The Ecuadorian banana industry is likened to a machine that cannot afford to stop running. As the industry waits for the final figures to close the 2022 year, the world leader in banana exports Ecuador are likely going to close the year with around 354.6 million boxes exported, 20.8 million boxes less than 2021 with an estimated loss of $258 million. “2023 will also have several challenges in the global banana market,” says José Antonio Hidalgo, executive director of the Association of Ecuadorian Banana Exporters (AEBE).
“We started 2022 with a lot of issues. There was price increases on cartons, freight and fertilisers. Those incremental increases were not assumed, nor was there a fair response within the banana value chain with especially supermarkets not also paying more, which the producers and exporters had to pay alone. When the conflict between Ukraine and Russia started the first eight weeks were tough and uncertain. This was mainly because of logistic lines that closed the service, which made it really rough weeks where we did not have any other options to replace the volume that normally goes to Russia. After a couple of weeks some liner services opened services again, but at shipping prices that were really high and hard for the market to achieve.
"In those eight weeks we had a loss of 500 00 boxes per week. This shocked the global banana market. Those were weeks where we could not handle production. Our industry does not stop, it is like a machine that cannot afford to stop running. After these forced stopped weeks we suffered through producers being unable to maintain some plantations during these tough weeks. Some producers dedicated to these markets suffered on productivity. Also during the last few months of the year the temperature in Ecuador became cooler. This also impacted the production,” says Antonio Hidalgo.
Coupled with all these challenges, there was also a major strike by indigenous community in Ecuador during the middle of last year, which forced closures of farming operations. Antonio Hidalgo says it is not only internal challenges in his country but there remains challenges in the global banana industry that has to be addressed.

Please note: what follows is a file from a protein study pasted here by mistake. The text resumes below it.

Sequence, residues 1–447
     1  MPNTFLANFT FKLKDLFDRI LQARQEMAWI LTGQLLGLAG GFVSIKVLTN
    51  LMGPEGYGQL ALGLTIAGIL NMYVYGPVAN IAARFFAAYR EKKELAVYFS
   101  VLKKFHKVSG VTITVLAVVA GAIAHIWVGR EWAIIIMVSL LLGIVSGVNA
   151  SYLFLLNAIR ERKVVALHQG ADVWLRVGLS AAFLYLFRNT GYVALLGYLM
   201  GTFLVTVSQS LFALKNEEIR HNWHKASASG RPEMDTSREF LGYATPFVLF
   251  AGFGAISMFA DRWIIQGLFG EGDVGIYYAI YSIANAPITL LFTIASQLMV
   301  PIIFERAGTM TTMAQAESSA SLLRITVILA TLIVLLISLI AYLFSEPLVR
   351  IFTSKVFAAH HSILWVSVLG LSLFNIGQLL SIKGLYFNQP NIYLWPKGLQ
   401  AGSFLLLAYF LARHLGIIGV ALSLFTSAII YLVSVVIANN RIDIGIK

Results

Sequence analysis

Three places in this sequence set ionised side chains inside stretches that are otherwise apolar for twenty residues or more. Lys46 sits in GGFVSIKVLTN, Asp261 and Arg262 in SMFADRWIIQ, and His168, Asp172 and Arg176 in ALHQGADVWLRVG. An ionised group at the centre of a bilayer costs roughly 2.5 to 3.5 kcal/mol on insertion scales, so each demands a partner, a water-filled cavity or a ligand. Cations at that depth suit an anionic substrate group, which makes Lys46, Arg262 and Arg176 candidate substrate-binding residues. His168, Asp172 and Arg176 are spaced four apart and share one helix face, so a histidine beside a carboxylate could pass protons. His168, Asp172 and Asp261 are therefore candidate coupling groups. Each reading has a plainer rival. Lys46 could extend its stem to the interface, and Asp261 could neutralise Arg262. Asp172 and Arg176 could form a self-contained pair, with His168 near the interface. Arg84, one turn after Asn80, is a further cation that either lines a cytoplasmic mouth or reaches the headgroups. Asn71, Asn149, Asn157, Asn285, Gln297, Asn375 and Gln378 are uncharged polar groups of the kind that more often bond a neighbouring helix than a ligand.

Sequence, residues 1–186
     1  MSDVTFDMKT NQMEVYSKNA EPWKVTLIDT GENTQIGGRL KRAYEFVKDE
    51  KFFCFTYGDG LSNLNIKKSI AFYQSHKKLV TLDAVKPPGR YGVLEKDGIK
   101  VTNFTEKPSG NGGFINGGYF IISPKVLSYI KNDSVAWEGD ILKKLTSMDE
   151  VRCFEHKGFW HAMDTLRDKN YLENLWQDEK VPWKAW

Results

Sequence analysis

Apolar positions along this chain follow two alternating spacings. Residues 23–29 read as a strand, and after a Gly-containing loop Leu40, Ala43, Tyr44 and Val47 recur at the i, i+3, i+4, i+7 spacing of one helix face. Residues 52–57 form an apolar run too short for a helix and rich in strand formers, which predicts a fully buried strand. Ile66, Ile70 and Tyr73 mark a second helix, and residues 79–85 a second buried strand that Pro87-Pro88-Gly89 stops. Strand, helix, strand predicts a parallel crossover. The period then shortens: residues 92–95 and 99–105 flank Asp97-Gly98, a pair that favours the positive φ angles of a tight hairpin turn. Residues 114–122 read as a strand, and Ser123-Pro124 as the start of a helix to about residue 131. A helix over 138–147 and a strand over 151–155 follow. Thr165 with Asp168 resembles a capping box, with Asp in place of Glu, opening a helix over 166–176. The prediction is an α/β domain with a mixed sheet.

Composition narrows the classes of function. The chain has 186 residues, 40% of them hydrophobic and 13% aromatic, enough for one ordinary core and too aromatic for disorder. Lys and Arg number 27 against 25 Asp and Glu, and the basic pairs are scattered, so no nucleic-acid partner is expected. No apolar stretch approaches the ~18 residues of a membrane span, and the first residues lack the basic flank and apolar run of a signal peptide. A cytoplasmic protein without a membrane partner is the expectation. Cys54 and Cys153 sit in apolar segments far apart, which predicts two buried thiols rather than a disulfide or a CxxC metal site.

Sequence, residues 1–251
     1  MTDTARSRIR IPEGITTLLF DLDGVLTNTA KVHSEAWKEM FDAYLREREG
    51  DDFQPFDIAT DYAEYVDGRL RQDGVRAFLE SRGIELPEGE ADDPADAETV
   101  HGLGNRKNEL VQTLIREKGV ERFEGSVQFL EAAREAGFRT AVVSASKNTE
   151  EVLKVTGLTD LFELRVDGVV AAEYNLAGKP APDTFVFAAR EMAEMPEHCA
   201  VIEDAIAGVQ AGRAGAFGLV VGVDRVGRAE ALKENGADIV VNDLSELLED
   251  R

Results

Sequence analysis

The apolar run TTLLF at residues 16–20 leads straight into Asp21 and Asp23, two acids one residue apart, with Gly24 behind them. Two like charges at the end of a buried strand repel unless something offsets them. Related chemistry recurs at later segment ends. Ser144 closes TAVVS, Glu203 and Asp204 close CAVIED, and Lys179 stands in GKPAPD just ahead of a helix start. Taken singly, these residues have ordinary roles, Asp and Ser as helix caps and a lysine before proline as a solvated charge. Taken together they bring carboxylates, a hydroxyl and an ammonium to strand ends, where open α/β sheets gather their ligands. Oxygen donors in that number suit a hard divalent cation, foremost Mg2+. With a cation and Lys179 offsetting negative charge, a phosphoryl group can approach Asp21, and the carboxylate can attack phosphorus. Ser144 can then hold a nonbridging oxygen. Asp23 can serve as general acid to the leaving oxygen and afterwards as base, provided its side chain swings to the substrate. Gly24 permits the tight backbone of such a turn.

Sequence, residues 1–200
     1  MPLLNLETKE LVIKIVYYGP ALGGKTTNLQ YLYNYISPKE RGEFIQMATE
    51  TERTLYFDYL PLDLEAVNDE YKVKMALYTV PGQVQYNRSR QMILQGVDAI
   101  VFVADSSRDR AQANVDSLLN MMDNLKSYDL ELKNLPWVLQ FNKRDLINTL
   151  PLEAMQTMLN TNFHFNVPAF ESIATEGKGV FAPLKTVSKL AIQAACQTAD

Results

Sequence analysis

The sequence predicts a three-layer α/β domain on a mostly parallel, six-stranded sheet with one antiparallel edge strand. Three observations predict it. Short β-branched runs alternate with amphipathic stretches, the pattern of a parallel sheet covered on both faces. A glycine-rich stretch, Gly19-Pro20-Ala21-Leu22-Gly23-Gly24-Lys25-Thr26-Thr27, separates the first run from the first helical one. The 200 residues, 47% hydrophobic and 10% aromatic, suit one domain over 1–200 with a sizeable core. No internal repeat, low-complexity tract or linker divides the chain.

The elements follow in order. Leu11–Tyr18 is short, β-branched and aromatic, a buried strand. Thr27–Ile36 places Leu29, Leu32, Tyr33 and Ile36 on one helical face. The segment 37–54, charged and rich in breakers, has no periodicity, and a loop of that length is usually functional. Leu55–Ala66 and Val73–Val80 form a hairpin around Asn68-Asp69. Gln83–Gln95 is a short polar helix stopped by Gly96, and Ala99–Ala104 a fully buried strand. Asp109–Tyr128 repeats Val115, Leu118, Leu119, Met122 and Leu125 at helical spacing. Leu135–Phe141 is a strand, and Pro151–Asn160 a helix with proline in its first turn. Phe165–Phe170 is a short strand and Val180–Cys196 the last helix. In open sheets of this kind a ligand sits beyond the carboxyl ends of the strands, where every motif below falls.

“We foresee 2023 will also have several challenges in the global banana market. What occurred on 2022 has had an effect on prices. It has been weeks of really high prices. We hope the climate also starts to change due to the La Nina weather pattern we expect a really tough year. Right now, what we expect is to consolidate commercial relationships especially in the European Union market, where the shared responsibility input and campaign really consolidates with the negotiation in the future.”
He says the issue of shared responsibility in the banana value chain, which Latin American banana producers have been addressing through engaging European retailers in several meetings at major trade shows last year, will continue in 2023. Their aim is to work towards gaining better prices for the future with all supermarkets for bananas that will support all the work they do on sustainability. And that supermarkets compromise on only buying living wage bananas, to which Ecuador already complies.
“The banana sector has made a lot of efforts in sustainability, and implemented costly changes according to what certification bodies stipulate. All supermarkets have to use as a benchmark the Fair Trade methodology in terms of how they compensate the sector. Because of the difference in the cost structure of different countries there has to be a price for demonstrable efforts made on sustainability. We all have to be involved. Not only one supermarket, but all must take into account the effort and comprise not only in this year’s contracts but next year’s too. Sustainability has to be implemented by everybody,” explains Antonio Hidalgo.
Looking forward to Berlin
“We are preparing to travel to Berlin, to consolidate more. We really want to talk on the efforts to comply with a living wage, in which Ecuador has no gap. We want supermarkets to only buy bananas from countries that comply with paying workers a living wage. It is the law by German authorities that companies have to do due diligence, therefore by law they have to buy products that comply. This closely aligns to what we want to see. We hope this also gets consolidated to other European countries. Ecuador complies and we need supermarkets to talk publicly about their compromise. If other countries are not paying a living wage, it’s a competitive advantage if bought from them. At Fruit Logistica we look forward to talk about sustainability matters, living wage, and appeal to supermarkets to only buy from those countries who comply. Countries who do not yet comply will have to comply to ensure a level playing field and fair competition. That’s one of the main challenges,” states Antonio Hidalgo.
For more information:
José Antonio Hidalgo
Tel: +593 96 402 9141